Ultimately it's the setting, art direction, and non-verbal cinematic storytelling where Somerville excels. But even here there are long lulls and a few sections that begin to feel bland. Like when you’re in a cave system trying to avoid attention in a way that feels like a homage to Oddworld: Abe's Oddysee. And outside of the emotional notes touched upon when it comes to trying to reach your family in an oppressive situation, the ending and final act are too obtuse and abstract to make any sort of lasting impact. Somerville is a visually impressive, relatively short cinematic adventure held back by its ambition.
We wanted to experience a different saga, and God of War Ragnarök feels like the expansion of one we’ve already heard around the hearth, seen in a beautiful tapestry and heard on the high seas venturing towards more loot. Though it’s still a very, very good saga. One worthy of the Edda.
Hellena turned down the role in the end, and that public dispute is still bubbling along in the background in Twitter's cauldron, and while it hasn't affected the product before you today, the spat has certainly soured the behind-the-scenes of it all.
Even if you've never played a Call of Duty, or dipped in and out of the franchise every so often, you'll probably be okay with not knowing who Task Force 141 and Soap MacTavish, Ghost, and Captain Price are before jumping into the campaign.
This is the best the franchise has looked from a purely cinematic level. In the end, New Tales From The Borderlands succeeds because it lives up to its namesake and presents the best Borderlands storytelling since the original Tales.
If themes exist across these games -- the first being Mushroom Kingdom focused, and the second Donkey Kong, then Sparks of Hope is a riff on the Super Mario Galaxy games as it features the Lumas of those games, only they're now Rabbidified and called Sparks, as well as some planet-hopping for differential fun and a broad spectrum of environments to play within.
Unfortunately not much has changed where that sentiment is concerned. And if we’re looking solely at the studio’s technical and artistic strengths, it doesn’t need to prove this aspect of its game anymore, but looking at things purely from a gameplay perspective, Asobo might need to come out of the Dark Ages.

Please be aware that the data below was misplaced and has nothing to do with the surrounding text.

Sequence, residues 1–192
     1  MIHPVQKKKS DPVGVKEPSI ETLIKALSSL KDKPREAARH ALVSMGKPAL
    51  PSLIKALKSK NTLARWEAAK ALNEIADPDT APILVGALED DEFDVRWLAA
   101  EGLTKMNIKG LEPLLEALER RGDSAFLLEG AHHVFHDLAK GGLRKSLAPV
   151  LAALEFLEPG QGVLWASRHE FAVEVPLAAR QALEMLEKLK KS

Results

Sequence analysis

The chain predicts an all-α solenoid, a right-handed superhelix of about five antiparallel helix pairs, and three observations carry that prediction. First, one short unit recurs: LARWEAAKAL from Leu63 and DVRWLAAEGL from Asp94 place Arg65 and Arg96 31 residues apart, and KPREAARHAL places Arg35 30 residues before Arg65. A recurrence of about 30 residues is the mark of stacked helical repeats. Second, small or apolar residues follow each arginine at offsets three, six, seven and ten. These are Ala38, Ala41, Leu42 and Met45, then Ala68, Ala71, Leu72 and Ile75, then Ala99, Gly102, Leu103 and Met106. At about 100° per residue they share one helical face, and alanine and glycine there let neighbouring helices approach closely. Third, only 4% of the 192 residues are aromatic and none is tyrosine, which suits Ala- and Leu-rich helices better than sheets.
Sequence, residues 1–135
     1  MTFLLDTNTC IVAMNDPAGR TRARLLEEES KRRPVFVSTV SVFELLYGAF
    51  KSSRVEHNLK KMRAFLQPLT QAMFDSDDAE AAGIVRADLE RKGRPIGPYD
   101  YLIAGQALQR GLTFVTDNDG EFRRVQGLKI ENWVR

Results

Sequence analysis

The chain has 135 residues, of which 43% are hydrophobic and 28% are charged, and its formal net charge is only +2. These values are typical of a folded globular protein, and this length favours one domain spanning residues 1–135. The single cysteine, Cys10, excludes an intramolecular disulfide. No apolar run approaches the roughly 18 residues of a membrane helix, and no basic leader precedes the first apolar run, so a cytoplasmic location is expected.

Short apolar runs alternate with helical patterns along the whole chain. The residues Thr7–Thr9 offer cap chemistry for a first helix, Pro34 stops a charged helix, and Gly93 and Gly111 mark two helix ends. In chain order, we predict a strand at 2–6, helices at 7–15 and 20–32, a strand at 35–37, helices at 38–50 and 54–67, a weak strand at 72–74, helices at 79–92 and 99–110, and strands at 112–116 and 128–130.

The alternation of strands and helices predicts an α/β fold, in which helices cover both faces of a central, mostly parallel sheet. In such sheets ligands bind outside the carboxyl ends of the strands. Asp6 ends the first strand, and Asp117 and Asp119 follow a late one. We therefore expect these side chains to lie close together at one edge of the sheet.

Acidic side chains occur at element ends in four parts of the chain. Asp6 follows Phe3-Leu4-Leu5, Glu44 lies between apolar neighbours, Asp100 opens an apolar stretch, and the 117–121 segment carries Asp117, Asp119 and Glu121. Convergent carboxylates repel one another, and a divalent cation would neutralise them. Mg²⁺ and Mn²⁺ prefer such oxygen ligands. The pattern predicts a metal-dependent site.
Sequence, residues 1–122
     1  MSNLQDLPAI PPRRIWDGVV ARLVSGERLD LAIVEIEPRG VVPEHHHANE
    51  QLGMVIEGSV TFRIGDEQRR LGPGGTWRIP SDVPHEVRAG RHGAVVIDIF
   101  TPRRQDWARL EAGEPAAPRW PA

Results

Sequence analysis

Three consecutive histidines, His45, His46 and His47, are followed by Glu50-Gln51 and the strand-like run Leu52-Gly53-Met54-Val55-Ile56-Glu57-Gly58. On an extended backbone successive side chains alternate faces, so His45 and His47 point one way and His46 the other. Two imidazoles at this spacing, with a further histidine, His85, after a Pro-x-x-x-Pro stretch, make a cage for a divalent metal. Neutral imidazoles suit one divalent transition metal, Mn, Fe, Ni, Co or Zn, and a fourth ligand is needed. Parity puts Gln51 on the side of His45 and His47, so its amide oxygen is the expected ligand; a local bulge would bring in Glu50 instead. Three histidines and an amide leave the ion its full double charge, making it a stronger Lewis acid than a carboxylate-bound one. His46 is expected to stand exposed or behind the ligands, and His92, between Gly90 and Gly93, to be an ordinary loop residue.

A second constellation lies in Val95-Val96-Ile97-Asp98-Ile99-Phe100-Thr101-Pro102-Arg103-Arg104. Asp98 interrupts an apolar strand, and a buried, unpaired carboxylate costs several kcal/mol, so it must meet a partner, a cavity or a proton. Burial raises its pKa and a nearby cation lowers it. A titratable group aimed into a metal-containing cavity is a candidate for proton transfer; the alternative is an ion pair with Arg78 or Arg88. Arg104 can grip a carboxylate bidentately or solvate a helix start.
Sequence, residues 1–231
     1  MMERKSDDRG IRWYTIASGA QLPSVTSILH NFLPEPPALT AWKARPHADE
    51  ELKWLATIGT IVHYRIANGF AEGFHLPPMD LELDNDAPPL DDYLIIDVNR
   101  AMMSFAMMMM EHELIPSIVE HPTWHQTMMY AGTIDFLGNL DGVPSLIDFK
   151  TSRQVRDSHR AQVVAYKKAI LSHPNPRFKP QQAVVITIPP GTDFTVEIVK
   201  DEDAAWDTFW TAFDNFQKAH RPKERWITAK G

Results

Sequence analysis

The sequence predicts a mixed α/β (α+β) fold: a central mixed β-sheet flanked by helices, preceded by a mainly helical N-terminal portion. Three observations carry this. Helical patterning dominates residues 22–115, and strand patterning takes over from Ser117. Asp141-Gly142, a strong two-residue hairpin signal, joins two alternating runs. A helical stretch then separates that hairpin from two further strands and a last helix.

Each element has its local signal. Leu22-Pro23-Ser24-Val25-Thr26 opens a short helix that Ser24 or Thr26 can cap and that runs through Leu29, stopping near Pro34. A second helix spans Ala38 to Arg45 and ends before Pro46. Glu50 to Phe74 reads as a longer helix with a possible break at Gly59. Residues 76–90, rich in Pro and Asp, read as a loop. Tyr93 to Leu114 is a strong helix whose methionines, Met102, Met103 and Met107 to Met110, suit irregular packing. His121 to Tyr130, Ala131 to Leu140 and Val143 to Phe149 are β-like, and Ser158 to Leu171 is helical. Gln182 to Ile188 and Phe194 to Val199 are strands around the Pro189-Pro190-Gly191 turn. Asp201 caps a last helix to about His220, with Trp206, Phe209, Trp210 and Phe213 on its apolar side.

It was perhaps around the time I found myself feeding mulberry leaves to my silkworms so they could produce the silk I need to run through my loom in order to make the fabric required to produce the parachutes the island's meteorologist had requested for her research balloons… somewhere in that long chain of intertwined chores, anyway… that I realised Wylde Flowers was indeed a very good chore game. And by this point my wife was very much in agreement.
Wayward Strand is a delicate piece of work, as its title might imply. Despite the flight of fancy proposed by the very idea of an airship hospital, it's a remarkably unassuming game–not literally down-to-earth, but certainly grounded in its portrayal of lives nearing their end and one just beginning, and the common hopes, dreams and fears that connect all those lives together.
There's just so much to learn and find and unlock in your first playthrough, and I'm not sure I even want to get into the prospect of follow-on sessions, armed with the knowledge that wood is your earliest friend and that you really shouldn't build with a hodgepodge sense of <i>whatever</i>, <i>wherever</i>, because I guarantee you it'll come back to bite you in your cute little lamb ass later.
In the end, Marvel’s Spider-Man Remastered presents the most visually impressive version of a brilliant comic book adaptation to date. And a game that feels every bit as big now as it did back in 2018. Insomniac nails the swinging mechanics to the point where it kind of feels like a magic trick, and the cinematic spectacle is just about always next-level.